Marginal benefits

5 February 2000

Marginal benefits

Go Wild competition winner Ian Ogilvie is shortly to come face to face with the wildlife of Africa, but at home he has plenty of wildlife too and many opportunities to increase it, as

Tom Allen-Stevens finds out.

WHAT would you do with enough grass and wildflower seed to sow 800m of 3m wide field margins? This is the quandary facing Scottish grower Ian Ogilvie. He is the winner of the Crops Go Wild competition, sponsored by Zeneca, the makers of Fusilade. As well as winning a safari trip to the game parks of Zimbabwe, Mr Ogilvie also receives a 5kg bag of field margin grass/wildflower mix. To help him decide how best to use it, help is at hand from local FWAG adviser Sophie Milner.

The first thing Miss Milner notices on arrival at Barns of Craig farm, near Montrose, is its natural assets. "There are some magnificent boundary trees on the edges of some of the fields – a great resource and worth looking after."

The farm also abuts Montrose basin, an SSSI and an area of tidal mudflats and saltmarsh teeming with tens of thousands of wetland birds. "These wetlands are recognised as being of international importance to migrating birds. This makes sensitive management of areas next to the basin all the more important," she points out.

The main Scottish scheme is the Countryside Premium Scheme, similar to the English Countryside Stewardship. In 2001 the scheme is likely to be replaced with one for the whole of Scotland, including ESAs, which are currently dealt with each under their own scheme.

Presently applications are assessed in accordance with locally agreed priorities. For Montrose growers, looking after wetlands and species-rich grassland or creating hedges and grass margins are likely to be high on the agenda in 2000. Margins next to watercourses to protect water quality and bankside vegetation have also been a priority in recent years.

The farm includes a couple of burns that feed the basin, and Miss Milner suggests these would be excellent locations for protective grass margins. "They would form a buffer strip, protecting the stream from agricultural inputs and also act as a refuge for crop pest predators."

This certainly attracts Mr Ogilvie to the idea: "I dont plant my seed potatoes next to the stream anyway because LERAP rules would prevent me from spraying them with aphicide. It would make sense to take the land out of cropping altogether." The margins would also provide a habitat for grey partridge and a foraging site for small mammals, such as voles. This, in turn, might even attract barn owls back to the area.

Miss Milner also points out it can be a good idea to plant native tree species next to watercourses. "Aim for dappled shade: not too thick to cut out the light, but enough to offer protection. Willow is often a good species. Its a good idea to plant on just one side so that you can still get access to the ditch for maintenance."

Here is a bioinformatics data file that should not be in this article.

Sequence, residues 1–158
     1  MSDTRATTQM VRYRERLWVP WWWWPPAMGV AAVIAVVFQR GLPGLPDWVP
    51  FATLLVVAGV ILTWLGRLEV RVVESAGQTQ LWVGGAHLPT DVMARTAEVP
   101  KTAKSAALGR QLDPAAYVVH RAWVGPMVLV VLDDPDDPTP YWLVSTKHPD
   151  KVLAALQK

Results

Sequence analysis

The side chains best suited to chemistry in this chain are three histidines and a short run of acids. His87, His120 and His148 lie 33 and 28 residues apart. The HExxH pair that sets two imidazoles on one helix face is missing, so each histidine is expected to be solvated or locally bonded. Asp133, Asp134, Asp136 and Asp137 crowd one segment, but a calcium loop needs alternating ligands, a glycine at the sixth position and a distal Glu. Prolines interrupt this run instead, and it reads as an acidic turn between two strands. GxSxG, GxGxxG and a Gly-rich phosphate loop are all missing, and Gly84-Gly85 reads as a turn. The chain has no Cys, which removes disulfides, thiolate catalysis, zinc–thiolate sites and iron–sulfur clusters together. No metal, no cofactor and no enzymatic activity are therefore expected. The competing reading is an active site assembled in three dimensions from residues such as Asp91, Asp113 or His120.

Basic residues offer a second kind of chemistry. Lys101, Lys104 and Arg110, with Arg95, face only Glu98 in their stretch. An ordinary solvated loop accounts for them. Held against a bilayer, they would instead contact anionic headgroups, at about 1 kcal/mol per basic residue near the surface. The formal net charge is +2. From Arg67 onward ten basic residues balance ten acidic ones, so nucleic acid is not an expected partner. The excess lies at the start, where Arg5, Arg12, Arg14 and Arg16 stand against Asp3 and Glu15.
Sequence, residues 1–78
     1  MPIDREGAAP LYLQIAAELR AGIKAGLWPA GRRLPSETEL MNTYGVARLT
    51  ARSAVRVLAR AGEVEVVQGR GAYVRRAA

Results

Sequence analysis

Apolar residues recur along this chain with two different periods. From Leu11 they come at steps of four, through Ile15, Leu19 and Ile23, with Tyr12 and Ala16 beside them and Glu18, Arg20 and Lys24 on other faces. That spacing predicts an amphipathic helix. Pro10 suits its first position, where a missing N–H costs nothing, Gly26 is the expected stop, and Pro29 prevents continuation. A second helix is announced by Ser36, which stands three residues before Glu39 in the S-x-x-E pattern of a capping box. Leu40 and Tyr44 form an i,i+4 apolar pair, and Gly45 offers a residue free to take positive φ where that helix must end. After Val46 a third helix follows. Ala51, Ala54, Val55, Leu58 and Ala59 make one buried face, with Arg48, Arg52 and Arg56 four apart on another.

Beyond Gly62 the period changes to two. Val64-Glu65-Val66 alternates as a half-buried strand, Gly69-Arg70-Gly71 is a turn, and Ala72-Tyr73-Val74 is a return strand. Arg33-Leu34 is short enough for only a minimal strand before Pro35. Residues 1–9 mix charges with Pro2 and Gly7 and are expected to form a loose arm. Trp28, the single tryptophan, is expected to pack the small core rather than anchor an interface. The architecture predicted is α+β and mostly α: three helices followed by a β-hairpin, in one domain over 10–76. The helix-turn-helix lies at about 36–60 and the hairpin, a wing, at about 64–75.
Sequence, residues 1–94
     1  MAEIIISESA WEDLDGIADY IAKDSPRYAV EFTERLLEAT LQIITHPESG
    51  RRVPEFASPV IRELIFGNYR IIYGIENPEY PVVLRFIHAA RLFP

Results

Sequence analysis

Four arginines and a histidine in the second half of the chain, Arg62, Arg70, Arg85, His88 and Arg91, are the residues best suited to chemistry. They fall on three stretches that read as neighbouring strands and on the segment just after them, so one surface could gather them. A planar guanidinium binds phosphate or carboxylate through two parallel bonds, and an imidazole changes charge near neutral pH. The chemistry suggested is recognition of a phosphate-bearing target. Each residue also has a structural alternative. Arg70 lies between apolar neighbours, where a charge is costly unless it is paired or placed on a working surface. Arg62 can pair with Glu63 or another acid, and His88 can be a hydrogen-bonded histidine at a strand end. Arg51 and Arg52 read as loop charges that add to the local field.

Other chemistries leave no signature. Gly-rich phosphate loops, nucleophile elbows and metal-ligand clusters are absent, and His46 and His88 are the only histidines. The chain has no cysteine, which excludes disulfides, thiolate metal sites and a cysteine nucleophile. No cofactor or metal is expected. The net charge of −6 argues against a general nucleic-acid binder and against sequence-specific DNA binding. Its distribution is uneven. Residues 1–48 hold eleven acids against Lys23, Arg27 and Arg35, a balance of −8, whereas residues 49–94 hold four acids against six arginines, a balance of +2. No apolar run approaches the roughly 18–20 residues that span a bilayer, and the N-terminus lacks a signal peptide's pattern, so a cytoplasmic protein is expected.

The lines of boundary trees also provide a good opportunity for grass margins. The trees and associated hedges offer a variety of habitats to a wide range of wildlife species. If there is a ditch, this will attract further species. All will benefit from the cover and foraging area provided by an adjacent grass margin.

Where trees have died, Miss Milner maintains that it can be well worth leaving it standing, provided it does not pose a hazard. "If it must be felled, its often beneficial to leave the dead wood on the ground – dont use it all up for firewood. They become a haven for fungi, for invertebrates and for the species that prey on them, such as woodpeckers and bats."

As well as the lines of trees, there are one or two copses on the farm. Barns of Craig contains an interesting variety of tree species – everything from oak and ash to yew and cherry. Mr Ogilvie believes he has inherited them from the grounds of Rossie Castle, once a fine, stately manor but now reduced to ruins, which can still just be made out on the edge of one copse. Miss Milner points out that the walls of the ruins are another useful wildlife habitat: "Wee beasties live in the cracks and crevices and bask on the bare stones when they heat up in summer. Theyre also a haven for mosses and lichens."

So copses can be valuable wildlife habitats, but often they are cut off from each other and from hedgerows by large areas of cropped land. Cropped areas can be valuable habitats in their own right, however, and Miss Milner endorses Mr Ogilvies rotation with its mixture of spring and winter crops.

"Stubbles kept over winter are an important foraging ground for many species. Birds such as oystercatcher and lapwing will nest in spring crops. Late ploughing and the retention of spring cropping will therefore be of enormous value," she reveals.

A good way to encourage migration into the farm and between habitats is through creating wildlife corridors. A grass margin can often be a very good start. "If there is a hedge next to the grass margin, the corridor will provide even greater benefit. The hedge provides cover while the margin serves as a feeding ground," explains Miss Milner. She suggests planting a new hedge with a field margin on an exposed ridge of poorer soil between two copses. "If its going on to stony or less productive land, it makes sense from an economic point of view as well."

Miss Milners visit appears to have encouraged Mr Ogilvie: "A lot of what we have seems to be quite satisfactory and we dont have to make major changes to create more wildlife corridors. Weve got the seed now, so I dont see why we shouldnt give it a go."

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